For more than three decades, the building housed Fashion Tech, a manufacturer of window shades and blinds. Then the business closed in 2012. The building has since been something of an artists’ colony, hosting photographers, art shows and others.

The Vibrant Table Group partners purchased the property for $2.5 million in April 2015, according to Multnomah County records. The new owners transformed the building into a catering and event space with tasting rooms and a large commercial kitchen. The partners, Art Fortuna and Kurt Beadell, are planning a second phase to add more event space.

The renovation even encouraged a neighbor, boutique wooden bicycle manufacturer Renovo, to spruce up its building with fresh paint.

Peter Grimm, a principal with Scott | Edwards Architecture, designed Vibrant Table Group’s redevelopment. Grimm is busy with a spate of similar projects in historic Eastside buildings.

“We’re talking to some creative agencies that are going to want to lease up these amazing buildings,” he said.

Dramatic renovations of historic buildings for creative office use are happening all over Portland, but particularly in the Central Eastside and Old Town Chinatown. Relatively affordable property, rising rents and fast absorption are driving the market.

Such redevelopments don’t come cheap.

“It takes a lot of resources to convert those,” Grimm said.

Creative office space played a role in a San Francisco firm’s recent purchase of three historic buildings in Old Town Chinatown for $10.9 million. The buildings’ tenants include professional service, art and fashion companies, according to CBRE, which secured financing for the deal.

Also in Old Town Chinatown, at 222 N.W. Fifth Ave., Beam Development has secured a permit to renovate three floors of the Mason-Ehrman Building annex, above the Portland Development Commission’s offices.

Next door, at 208 N.W. Fifth Ave., Beam is converting 30,000 square feet of a warehouse, built in 1928, into creative office space. Both projects involve seismic retrofits.

“We’re generally seeing a lot of demand,” Barrett said. “I think you’re seeing it all over the city, for open floor plans with a few offices (and) smaller, break-out spaces, lounge spaces, well-appointed kitchenettes, bike parking, showers.”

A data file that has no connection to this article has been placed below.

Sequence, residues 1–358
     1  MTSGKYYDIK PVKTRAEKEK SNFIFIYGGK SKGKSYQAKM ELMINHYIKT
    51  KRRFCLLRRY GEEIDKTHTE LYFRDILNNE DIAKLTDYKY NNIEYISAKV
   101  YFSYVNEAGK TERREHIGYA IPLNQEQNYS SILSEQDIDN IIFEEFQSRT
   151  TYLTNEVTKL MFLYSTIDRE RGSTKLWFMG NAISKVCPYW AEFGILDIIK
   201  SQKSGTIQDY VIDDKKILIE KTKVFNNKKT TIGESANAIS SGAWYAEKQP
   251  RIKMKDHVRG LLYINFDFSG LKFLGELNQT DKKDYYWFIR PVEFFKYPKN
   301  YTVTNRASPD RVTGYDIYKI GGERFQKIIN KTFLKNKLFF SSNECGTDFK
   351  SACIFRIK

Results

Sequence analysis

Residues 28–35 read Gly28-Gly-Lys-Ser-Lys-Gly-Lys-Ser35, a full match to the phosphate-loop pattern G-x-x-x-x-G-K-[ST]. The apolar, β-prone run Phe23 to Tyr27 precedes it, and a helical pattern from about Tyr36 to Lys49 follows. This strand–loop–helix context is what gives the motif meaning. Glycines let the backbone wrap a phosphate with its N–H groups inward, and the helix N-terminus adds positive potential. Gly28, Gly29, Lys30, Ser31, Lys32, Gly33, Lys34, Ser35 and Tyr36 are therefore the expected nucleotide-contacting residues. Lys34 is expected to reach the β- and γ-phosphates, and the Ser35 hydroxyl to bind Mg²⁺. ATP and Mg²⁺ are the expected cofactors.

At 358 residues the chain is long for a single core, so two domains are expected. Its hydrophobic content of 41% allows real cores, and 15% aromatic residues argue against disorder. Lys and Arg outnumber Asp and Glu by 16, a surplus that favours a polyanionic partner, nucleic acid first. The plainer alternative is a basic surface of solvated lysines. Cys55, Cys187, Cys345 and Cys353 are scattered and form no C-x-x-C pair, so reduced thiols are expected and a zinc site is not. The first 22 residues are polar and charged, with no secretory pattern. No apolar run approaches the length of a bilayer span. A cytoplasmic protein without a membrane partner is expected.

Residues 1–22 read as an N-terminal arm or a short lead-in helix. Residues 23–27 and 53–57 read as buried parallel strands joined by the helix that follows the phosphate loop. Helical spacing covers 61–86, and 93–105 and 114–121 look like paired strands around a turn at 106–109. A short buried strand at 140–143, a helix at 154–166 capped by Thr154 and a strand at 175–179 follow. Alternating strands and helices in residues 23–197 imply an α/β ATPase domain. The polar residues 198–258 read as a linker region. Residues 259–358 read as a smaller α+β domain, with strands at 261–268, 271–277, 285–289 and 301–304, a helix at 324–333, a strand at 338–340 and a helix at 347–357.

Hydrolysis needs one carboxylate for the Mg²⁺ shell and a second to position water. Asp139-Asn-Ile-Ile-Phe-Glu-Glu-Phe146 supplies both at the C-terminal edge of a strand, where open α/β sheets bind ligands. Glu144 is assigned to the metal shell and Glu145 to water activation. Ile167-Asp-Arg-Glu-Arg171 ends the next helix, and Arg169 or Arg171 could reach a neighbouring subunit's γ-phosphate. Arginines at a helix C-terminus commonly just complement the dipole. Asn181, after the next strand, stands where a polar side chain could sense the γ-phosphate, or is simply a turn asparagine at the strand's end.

Rents are rising, supporting the development trend. Barrett said rents have risen 20 to 25 percent in the past three to four years.

“A lot of that’s just a function of the broader Portland market and the companies expanding within the market, but there are a lot of companies moving in from outside the market,” he said.

Preserving an industrial/creative mix

The zoning change to encourage industrial office use came as part of a gradual realization that empty or underutilized Central Eastside warehouses offered strong redevelopment potential.

“The case that was being made was there was a lot of multistory development that was basically not being utilized, or being inefficiently utilized as storage,” Doss said.

Portland is facing growing demand for office space as the population booms from in-migration. Larger demographic trends are driving young, creative workers to Portland as they continue to move from rural areas to cities, and find themselves priced out of Seattle and San Francisco.

“We have to increase our job densities in the city, because we don’t have any land to grow on,” Doss said.

Many longtime industrial businesses in the Central Eastside own the buildings they inhabit, insulating them somewhat from growth around them, Doss said.

Industrial businesses are keen to avoid a repeat of the Pearl District, where some manufacturers found themselves priced out in favor of high-end residential units.

Gentrification is happening rapidly in the Central Eastside, with craft breweries, third-wave coffee roasters and trend-setting restaurants planting their flags in the industrial neighborhood.

The zoning rules aim to maintain that balance.

“It’s going to stay a real mix of uses,” Grimm said. “There’s going to be forklifts driving down the street, and you’ll have to watch the hell out.”

 

Original Article

Title:  Eastside transformation extended

Date: April 1st, 2016

Author: Chuck Slothower

Publication: The Daily Journal of Commerce

Link: http://djcoregon.com/news/2016/04/01/spark-of-creativity-igniting-change/